Jeb Bush’s lawyer tries to stop Florida radio ads plugging his presidential campaign
Republican Jeb Bush learned this week there is a downside to his efforts to prepare for a possible 2016 White House run while holding off for now on an official campaign launch.
To avoid creating an impression that Bush was skirting campaign finance laws, his lawyer had to ask a Florida man to stop running ads touting the former Florida governor as a presidential candidate.
Attorney Charlie Spies managed to get the Bush supporter, Jay Schorr, to change the ad after he vowed to “vigorously pursue all possible legal remedies” against Schorr.
Bush, who announced on Facebook in December he was contemplating a White House bid, has crisscrossed the country to attend lavish fundraisers — including a $100,000 per plate dinner – where donors gathered to cheer him on as a potential White House contender. But at each event, he and his aides have emphasized he is not running for president — yet.
The claim allows Bush to work closely with funding organizations to rake in big donations without breaking campaign finance laws. Once politicians launch a campaign or say they are “testing the waters,” they face tighter fundraising restrictions.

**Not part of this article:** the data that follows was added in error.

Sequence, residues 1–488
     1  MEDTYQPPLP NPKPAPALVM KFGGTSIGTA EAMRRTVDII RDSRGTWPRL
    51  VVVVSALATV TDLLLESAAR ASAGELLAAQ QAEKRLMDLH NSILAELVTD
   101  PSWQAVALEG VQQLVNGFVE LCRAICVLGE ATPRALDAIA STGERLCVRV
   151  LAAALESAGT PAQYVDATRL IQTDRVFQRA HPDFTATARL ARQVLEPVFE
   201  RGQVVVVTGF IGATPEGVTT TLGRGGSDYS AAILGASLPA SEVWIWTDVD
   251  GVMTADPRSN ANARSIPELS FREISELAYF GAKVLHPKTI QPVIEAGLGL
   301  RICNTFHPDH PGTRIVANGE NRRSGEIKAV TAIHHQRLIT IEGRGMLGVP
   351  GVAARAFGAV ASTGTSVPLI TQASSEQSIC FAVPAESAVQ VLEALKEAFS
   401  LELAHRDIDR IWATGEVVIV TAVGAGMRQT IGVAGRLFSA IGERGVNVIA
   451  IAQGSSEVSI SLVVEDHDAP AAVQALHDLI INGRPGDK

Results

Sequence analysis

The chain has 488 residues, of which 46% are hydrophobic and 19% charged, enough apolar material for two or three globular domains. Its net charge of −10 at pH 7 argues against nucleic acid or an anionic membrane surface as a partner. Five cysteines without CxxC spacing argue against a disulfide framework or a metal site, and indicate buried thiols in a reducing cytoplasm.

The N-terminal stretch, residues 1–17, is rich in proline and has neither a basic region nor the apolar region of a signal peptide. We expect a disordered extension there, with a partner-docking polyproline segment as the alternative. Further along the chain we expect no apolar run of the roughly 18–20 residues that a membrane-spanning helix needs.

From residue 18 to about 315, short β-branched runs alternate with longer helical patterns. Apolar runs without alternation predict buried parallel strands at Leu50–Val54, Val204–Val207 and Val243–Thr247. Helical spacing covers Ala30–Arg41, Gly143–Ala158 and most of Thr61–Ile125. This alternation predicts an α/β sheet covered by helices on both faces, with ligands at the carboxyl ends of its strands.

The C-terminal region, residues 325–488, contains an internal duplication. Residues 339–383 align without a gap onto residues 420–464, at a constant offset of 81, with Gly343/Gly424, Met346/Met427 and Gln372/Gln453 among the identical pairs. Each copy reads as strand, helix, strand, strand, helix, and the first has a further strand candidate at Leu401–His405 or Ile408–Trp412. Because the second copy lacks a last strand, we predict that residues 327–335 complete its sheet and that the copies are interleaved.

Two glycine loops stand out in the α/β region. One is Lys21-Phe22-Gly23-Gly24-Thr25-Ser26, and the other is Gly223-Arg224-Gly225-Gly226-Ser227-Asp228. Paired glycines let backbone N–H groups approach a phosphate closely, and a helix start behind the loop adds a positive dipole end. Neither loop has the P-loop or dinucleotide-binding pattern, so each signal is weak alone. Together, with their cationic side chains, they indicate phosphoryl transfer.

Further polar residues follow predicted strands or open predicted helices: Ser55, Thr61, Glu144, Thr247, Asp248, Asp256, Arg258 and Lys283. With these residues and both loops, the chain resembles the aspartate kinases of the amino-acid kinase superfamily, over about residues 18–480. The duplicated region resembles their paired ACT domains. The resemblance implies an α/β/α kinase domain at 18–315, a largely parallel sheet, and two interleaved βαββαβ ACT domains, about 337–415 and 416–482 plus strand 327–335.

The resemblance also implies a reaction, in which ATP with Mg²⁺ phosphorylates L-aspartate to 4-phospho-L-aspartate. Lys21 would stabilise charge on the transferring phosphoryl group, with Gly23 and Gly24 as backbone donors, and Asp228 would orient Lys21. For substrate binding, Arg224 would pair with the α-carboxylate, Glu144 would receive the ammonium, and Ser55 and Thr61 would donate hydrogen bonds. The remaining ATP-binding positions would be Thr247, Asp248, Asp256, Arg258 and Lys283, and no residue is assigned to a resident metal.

Campaign finance laws limit the amounts candidates can accept in donations from individuals and corporations, and they prohibit candidates from coordinating campaign strategy with outside organizations such as political action committees that support them.
“We are grateful for the support Gov Bush has received encouraging him to run, but the PAC also operates within legal constraints that can require us to request that legally problematic activity, even if well intentioned, must stop,” Spies said in a statement to Reuters on Wednesday.
Spies, who represents Bush and his Right to Rise super PAC, on Monday wrote to Schorr about the spot, “War,” which began running in February. In the ad, a deep voice urged Republicans to unite in a fight for control of America, then intoned: “Jeb Bush: Americans and the Republican party approve his message.” A disclaimer followed: “The preceding message is from a supporter of Jeb Bush and is not affiliated with the Bush for president campaign.”
In a “cease and desist” letter, Spies expressed appreciation for Schorr’s enthusiasm but said that Bush was “NOT a candidate for any office” and had not approved the ads.
It was not the first time a politician has had to create distance from unsolicited supporters.
Last year, fans of Massachusetts Democratic Senator Elizabeth Warren formed a group to push her candidacy for the White House even though Warren has said she does not plan to run. Warren’s lawyer sent the organization a letter making clear the senator does not endorse the group’s efforts.
Schorr responded to Spies’s letter by recasting “War” as a “message we’d like Jeb Bush to make to the Republican party.” The deep voice now says: “The following is a message from a Jeb Bush supporter. He is not, I repeat not, associated in any way with Jeb Bush, who is not currently a candidate for president. Got it? Good. That should make non-candidate Bush’s lawyers very happy.”
(Reporting By Emily Flitter; Editing by Caren Bohan and Ken Wills)